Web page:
PROCESS STREAMLINED

Borrowers exiting forbearance can generally choose between resuming payments and having the deferred debt tacked on to the end of their mortgage; having loans modified so monthly payments are reduced; or paying back the debt by selling the home or refinancing.

The pace of forbearance exits increased in September and is expected to hit the highest pace in more than a year over the next few weeks, said Mike Fratantoni, a senior vice president and chief economist for the Mortgage Bankers Association.

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Mortgage service firms hired more workers and are "well prepared" for the higher case load, Fratantoni said. "It is such a stark comparison to what happened a decade ago where coming out the great financial crisis everyone was just so frustrated with the pace of resolution."

This time, servicers - who receive payments from borrowers and disburse them to investors, tax authorities and insurers - have simplified the process for moving to alternatives so that homeowners need to provide little or no additional documentation.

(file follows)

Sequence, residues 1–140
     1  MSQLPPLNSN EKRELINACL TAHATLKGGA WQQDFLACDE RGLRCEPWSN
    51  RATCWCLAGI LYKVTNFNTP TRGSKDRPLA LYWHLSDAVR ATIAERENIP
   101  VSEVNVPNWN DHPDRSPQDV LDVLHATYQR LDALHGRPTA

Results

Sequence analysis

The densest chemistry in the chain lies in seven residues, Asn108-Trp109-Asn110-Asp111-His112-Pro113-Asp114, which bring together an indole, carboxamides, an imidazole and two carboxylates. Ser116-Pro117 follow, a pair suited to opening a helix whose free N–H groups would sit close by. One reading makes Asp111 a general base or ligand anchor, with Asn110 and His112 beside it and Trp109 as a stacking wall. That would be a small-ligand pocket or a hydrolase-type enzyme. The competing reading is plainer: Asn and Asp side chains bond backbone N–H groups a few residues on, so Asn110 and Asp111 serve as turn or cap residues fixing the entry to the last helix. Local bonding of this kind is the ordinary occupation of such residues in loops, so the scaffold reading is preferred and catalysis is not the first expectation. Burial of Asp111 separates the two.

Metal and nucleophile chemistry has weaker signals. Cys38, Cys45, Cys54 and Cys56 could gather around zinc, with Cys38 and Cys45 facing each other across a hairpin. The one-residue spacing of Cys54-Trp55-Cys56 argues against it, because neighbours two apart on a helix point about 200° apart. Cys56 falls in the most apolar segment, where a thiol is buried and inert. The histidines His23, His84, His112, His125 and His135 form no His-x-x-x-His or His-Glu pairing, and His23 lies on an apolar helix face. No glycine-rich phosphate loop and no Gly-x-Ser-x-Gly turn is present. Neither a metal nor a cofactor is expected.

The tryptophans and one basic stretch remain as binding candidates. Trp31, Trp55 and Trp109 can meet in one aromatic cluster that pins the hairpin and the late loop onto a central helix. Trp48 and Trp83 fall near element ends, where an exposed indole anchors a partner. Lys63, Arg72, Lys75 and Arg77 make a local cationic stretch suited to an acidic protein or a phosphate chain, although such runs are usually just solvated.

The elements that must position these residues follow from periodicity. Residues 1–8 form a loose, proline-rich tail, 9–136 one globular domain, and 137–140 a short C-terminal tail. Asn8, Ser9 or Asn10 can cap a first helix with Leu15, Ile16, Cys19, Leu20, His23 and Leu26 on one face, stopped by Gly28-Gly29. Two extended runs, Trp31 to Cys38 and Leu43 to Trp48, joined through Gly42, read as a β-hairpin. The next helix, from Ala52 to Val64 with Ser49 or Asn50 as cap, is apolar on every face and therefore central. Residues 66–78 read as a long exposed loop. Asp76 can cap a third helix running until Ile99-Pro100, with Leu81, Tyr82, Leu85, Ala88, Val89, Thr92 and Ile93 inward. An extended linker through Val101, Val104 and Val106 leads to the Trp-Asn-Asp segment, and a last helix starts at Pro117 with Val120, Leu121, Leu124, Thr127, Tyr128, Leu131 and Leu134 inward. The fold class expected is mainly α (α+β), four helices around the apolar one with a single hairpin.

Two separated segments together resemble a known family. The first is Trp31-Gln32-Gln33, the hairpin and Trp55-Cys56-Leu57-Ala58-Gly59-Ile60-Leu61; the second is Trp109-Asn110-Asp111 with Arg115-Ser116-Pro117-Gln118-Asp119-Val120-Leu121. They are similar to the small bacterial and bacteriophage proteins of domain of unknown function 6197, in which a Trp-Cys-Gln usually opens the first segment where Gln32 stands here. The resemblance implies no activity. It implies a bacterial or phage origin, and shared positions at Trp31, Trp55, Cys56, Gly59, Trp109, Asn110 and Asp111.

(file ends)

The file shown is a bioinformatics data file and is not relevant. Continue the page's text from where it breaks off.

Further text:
About 35% of borrowers who exited forbearance in September resumed paying and deferred missed payments to the end of their loan, according to the MBA. About 28% modified their loans and 19% exited without a plan in place, including many still working toward a loan modification, said Fratantoni.

The boom in home prices, up over 30% since the pandemic began, may help. About 93% of borrowers in forbearance have at least 10% equity in their homes even after 18 months of missed payments, according to Black Knight. After the Great Recession, by contrast, 28% of borrowers owed more on their mortgages than their homes were worth.

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Reporting by Jonnelle Marte in New York and Katanga Johnson in Washington; Editing by Dan Burns and Andrea Ricci